THE FOREIGN SERVICE JOURNAL
How Special a Relationship?
We British like to think that we enjoy a unique “special rela-
tionship” with the United States. In America that relationship is
often thought to be rather less exclusive than the British would
prefer, even when it is described as essential. But however it is
characterized, there is no doubt that both countries look with
favor on their closeness. Practical illustrations of this are to be
found in the sharing of intelligence of the highest possible qual-
ity and close cooperation over nuclear weapons. We are each
other’s first ally of choice.
History shows us that when there is a warm personal relation-
ship between a president and a prime minister, the bilateral
relationship is closest. Winston Churchill and Franklin Delano
Roosevelt, Harold Macmillan and John F. Kennedy, Margaret
Thatcher and Ronald Reagan, and George W. Bush and Tony
Blair are all testimony to that—although many U.K. citizens
thought the last of those pairings proved extremely disadvanta-
geous when it led to their joint policy of military action against
Iraq’s Saddam Hussein.
The bilateral relationship has not always been perfect. Brit-
ish Prime Minister Harold Wilson refused to send any troops
to support the United States in Vietnam despite the request by
President Lyndon Johnson for just one company of the Black
Watch and its pipe band. Prime Minister Thatcher's exchanges
with President Reagan when the United States unilaterally and
without warning invaded Grenada in 1983 were incendiary.
As U.S. foreign policy emerges under President Trump, Lon-
don and Brussels should take every opportunity to encourage
him to recognize the need to maintain the United States’ com-
mitment to a rules-based system and to a trans-Atlantic relation-
ship in which Britain can play a prominent and effective role.
At a time when there is more fragile uncertainty internationally
than at any time since 1989 when the Berlin Wall came down,
NATO and that relationship have never been more important on
both sides of the Atlantic.
Pres. Trump has a point when he says that the European
members of NATO have not contributed sufficiently to the cost
of their own defense. The target of 2 percent of annual gross
domestic product (GDP), which the 2014 NATO summit in Wales
set, is a bare minimum; yet three years on only a handful of
NATO members have reached it. Indeed, some argue that even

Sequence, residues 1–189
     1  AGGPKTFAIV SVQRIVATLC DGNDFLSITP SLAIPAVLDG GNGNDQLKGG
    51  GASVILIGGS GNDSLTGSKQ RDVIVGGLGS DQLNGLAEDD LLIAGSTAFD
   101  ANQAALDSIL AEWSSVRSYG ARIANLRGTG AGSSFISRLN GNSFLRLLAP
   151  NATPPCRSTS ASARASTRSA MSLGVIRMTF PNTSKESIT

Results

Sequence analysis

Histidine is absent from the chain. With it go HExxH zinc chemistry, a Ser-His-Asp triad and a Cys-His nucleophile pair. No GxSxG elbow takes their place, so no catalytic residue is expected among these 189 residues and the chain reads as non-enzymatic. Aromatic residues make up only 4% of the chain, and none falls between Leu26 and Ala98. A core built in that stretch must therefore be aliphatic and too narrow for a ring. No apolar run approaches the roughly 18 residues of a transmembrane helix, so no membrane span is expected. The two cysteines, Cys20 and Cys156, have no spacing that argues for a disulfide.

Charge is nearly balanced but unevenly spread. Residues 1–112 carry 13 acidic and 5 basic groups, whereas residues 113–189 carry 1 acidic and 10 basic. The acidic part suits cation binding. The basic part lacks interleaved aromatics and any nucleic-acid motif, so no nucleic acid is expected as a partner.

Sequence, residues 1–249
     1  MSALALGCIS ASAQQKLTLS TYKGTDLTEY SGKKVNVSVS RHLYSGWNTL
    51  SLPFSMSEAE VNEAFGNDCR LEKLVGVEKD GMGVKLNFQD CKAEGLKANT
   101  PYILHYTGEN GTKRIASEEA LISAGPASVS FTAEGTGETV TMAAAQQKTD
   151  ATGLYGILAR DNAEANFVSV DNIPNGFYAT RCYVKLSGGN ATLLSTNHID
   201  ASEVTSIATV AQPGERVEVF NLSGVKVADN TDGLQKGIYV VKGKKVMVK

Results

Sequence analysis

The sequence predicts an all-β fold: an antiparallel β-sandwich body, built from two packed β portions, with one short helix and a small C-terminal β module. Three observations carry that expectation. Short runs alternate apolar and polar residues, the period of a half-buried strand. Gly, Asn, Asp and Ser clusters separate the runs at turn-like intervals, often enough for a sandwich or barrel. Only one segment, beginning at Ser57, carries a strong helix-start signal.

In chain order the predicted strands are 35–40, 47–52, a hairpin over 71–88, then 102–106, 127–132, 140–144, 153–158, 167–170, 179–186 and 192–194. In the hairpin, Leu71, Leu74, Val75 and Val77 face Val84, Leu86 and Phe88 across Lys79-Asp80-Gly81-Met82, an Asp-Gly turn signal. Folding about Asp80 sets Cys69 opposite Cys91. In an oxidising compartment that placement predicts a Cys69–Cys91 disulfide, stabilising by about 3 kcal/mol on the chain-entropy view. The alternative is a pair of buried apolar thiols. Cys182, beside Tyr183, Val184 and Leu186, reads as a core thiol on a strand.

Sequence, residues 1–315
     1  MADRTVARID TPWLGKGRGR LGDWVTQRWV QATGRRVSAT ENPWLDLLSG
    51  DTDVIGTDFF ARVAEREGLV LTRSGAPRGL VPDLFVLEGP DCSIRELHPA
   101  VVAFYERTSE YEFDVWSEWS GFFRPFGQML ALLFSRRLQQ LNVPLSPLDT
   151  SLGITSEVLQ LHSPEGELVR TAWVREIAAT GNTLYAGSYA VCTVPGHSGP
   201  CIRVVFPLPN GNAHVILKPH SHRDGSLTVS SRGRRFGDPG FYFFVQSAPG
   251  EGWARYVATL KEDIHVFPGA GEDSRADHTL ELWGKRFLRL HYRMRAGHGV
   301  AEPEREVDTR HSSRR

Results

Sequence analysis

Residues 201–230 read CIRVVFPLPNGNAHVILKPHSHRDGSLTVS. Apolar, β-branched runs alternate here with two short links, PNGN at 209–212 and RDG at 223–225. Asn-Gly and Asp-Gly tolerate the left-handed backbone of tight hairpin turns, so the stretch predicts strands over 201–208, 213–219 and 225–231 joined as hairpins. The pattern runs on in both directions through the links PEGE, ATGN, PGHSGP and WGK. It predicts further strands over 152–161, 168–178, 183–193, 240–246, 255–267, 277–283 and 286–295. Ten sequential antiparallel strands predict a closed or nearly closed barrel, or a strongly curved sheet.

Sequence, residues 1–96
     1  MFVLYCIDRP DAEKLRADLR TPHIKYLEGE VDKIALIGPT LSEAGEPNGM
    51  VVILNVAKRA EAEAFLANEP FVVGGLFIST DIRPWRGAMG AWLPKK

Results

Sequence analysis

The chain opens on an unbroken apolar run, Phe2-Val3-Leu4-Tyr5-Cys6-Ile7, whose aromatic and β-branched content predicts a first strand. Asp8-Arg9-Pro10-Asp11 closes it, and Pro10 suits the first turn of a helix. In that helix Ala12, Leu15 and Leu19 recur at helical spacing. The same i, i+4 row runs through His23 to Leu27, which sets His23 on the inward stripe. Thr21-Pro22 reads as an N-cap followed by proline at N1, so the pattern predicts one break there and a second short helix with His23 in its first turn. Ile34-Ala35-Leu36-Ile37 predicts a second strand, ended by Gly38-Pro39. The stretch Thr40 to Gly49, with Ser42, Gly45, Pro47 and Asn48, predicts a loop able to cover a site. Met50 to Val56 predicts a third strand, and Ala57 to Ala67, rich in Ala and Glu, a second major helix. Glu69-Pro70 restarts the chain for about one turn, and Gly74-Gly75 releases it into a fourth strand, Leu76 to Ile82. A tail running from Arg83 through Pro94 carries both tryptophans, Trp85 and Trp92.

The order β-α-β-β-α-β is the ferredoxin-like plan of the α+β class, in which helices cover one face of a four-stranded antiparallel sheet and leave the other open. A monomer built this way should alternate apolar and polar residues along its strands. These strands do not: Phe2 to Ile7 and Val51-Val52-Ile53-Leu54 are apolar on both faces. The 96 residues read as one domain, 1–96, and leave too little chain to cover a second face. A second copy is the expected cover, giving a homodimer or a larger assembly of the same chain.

the countries which have reached that level have done so by
virtue of creative accounting. In the case of the United Kingdom,
London has met the goal, but many commentators warn that 2
percent of GDP is inadequate to meet both the country’s domes-
tic and international responsibilities.
The credibility of the alliance depends on its capability. And
capability depends not only on how much is spent, but
is spent. European members can make a much more effective
contribution if they embrace the principles of force specializa-
tion, common procurement and interoperability. Proposals for a
so-called European army are not credible and would constitute
NATO Is Not Obsolete
The judgment that NATO is obsolete does not reflect reality.
When Russia deploys nuclear-capable missiles to Kaliningrad,
it is not only the Baltic states that should feel concerned, but
the whole of Europe. When Russian generals are reported to
have endorsed the use of battlefield nuclear weapons, every
NATO member should be concerned. Such developments are
eerily reminiscent of the Cold War. They give rise to the risk of
accident, misjudgment or provocation, real or imagined.
The relationship between London and Washington is the
central pillar of the principles of conventional and nuclear deter-
rence set out in NATO’s strategic concept, and reaffirmed at the
2016 NATO summit in Warsaw.
The obligations contained in Article 5 of the North Atlantic
Treaty are only credible if the United States and the United King-
dom stand ready to fulfill them. Those Americans who question
the strength of that obligation should recall that the only occa-
sion on which it has been invoked was in 2001, when terrorists
struck the Twin Towers and the Pentagon.
Equally, it is not credible to contemplate offering a sphere of
influence in Europe to Russia. To do so would only assist Presi-
dent Vladimir Putin in achieving his twin objectives of under-
mining the European Union and destabilizing NATO.
NATO is the essential glue in the trans-Atlantic alliance.
NATO is the essential glue in the
wholehearted commitment by
all of its members, the alliance
would be weakened severely,